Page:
Emily Thornberry fears coronavirus will badly impact austerity-hit Islington
PUBLISHED: 15:42 13 March 2020 | UPDATED: 15:42 13 March 2020
Emily Thornberry is worried about the impact coronavirus could have on Islington because it is “one of the borough’s hardest hit by austerity”.
The Islington South and Finsbury MP was knocked out of the Labour leadership race last month but says she wants to continue as shadow foreign secretary - and won't be publicly backing any of the three remaining candidates vying to replace Jeremy Corbyn.
She told the Gazette: 'For a government that's dominated by Brexiteers who just a few years ago were saying: 'We have had enough of experts', I'm glad to see they haven't continued with that thinking and are being led by experts, because that's exactly what experts are for. So as long as they are staying sensible and taking the advice that's the only way forward.'
Ms Thornberry added: 'We are one of the borough's hardest hit by austerity so I worry about the impact of coronavirus on a community like ours that has already lost so many services. You look at that budget [delivered by chancellor Rishi Sunak on Wednesday] and although they have splashed a lot of cash about, I don't know how much of that will support a borough like ours that has always been hard hit by the cuts.'
Islington Council has lost about 70 per cent of its core government funding since 2010.
She's also wary of what impact closing services could have on the borough, saying Whittington Hospital workers with kids may have to take time off if schools are closed. The government has so far resisted calls to close schools.
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She was yesterday awaiting the latest advice from government and the council about large gatherings and couldn't say if her surgery on Saturday would definitely go ahead.
The MP just missed out on making it through to the final ballot for the Labour leadership last month, which is now a three-way race between Rebecca Long-Bailey, Sir Keir Starmer or Lisa Nandy. The winner will be announced on April 4.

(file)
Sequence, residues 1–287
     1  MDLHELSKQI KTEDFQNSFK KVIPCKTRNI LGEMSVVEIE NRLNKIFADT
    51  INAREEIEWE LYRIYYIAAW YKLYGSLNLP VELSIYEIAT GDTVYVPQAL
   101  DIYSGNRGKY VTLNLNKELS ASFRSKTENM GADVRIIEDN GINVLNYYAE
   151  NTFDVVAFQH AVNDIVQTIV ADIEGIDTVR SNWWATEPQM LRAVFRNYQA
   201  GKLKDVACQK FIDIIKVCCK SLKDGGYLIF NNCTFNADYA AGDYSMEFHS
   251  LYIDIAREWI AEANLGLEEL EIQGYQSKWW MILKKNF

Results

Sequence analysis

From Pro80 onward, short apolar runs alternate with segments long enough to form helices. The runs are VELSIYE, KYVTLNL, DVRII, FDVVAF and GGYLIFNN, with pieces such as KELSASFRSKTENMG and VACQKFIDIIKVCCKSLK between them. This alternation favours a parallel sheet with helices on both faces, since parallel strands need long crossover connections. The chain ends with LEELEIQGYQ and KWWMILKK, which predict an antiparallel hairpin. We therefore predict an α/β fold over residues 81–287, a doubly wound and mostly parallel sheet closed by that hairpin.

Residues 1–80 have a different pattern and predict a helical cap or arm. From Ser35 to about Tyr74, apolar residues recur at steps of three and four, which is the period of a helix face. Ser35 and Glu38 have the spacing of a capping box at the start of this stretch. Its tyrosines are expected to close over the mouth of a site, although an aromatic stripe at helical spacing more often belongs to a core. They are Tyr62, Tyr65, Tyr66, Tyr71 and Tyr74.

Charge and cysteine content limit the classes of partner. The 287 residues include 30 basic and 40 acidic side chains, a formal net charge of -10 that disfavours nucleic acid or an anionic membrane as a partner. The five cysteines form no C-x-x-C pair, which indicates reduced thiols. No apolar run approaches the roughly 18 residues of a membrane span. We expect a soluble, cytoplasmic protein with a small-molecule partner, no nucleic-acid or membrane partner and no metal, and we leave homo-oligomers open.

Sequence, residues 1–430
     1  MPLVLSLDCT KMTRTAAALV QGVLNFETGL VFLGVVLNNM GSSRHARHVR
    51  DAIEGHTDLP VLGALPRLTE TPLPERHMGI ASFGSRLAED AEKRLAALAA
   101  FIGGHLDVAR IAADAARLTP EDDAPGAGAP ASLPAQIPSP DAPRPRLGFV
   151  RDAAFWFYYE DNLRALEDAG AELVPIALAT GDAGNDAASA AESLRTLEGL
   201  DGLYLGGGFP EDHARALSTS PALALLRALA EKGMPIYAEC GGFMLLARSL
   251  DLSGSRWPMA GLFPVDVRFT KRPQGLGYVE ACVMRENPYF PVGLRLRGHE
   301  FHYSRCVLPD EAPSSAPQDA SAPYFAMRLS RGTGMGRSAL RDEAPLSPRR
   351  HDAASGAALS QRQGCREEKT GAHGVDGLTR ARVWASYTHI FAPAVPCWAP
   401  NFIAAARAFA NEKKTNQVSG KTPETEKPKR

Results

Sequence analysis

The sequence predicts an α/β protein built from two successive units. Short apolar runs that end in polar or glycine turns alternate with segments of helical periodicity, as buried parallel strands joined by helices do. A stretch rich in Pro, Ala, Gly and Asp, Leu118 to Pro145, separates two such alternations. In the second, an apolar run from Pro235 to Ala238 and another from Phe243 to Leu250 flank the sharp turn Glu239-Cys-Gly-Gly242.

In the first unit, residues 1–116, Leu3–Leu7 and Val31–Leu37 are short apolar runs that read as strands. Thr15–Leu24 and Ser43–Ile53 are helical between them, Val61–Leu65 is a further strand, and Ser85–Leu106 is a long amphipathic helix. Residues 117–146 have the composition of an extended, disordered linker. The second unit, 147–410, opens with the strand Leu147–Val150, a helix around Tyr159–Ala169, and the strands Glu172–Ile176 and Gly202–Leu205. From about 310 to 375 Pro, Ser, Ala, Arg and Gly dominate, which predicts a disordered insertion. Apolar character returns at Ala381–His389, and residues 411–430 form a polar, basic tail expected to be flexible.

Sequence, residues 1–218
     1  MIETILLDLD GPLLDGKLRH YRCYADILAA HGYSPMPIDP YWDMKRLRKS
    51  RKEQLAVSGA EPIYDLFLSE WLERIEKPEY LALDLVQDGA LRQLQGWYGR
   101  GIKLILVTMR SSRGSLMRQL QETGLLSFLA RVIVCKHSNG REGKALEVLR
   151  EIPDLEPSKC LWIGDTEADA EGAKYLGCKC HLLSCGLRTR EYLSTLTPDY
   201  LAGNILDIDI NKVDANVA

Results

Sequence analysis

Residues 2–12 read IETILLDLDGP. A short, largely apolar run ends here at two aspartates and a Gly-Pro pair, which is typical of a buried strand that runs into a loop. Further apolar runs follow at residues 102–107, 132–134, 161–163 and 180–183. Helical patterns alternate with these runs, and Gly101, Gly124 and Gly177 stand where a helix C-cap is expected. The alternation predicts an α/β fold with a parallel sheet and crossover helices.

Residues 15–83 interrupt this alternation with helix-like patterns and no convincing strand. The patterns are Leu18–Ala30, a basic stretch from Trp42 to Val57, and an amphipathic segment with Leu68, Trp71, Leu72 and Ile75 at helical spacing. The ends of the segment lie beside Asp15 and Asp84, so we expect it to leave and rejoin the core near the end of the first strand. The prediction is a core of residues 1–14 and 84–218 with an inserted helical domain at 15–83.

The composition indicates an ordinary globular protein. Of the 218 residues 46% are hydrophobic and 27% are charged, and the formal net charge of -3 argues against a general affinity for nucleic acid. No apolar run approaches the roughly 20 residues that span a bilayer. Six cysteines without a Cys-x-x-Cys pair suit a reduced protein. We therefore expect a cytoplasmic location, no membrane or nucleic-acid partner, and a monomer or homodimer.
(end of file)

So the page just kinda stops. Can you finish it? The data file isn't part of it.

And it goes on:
Reflecting on her campaign, Ms Thornberry added: 'It has been amazing because I went from the general election straight into the leadership contest and I had Christmas Day and Boxing Day off but otherwise worked full out.'
Ms Thornberry, who recently returned from a post-leadership bid holiday to Sardinia, added: 'I think the truth is that life is always busy, so carrying the foreign affairs brief there is always a great deal going on and that does keep me occupied, and also representing Islington.
'It's always fairly full on, so I took a bit of time out and now I'm very much back into representing my constituents to the best of my ability, and leading from the front for the Labour Party on foreign affairs.'
Asked what went wrong with her bid, she said: 'I put myself forward and it's a matter for the party really, and what they decided was the best way forward. It looked like a fairly major part of the debate was [about] where someone came from or what their position on Brexit was. But I did my best and would have liked to have gone further.'
On who should succeed Mr Corbyn, she added: 'I have always made it clear that I didn't think it was right for me to back a particular candidate because I think it's a matter for the party to decide and my position is I would be supportive and do my best to help whoever it is that's actually elected. [...]
'I'm one of the longest serving shadow foreign secretaries there has been and I'm more than happy to carry on doing it. Over nearly four years I have build up strong connections internationally and would like to continue doing so, but it would be a matter for whoever becomes leader.'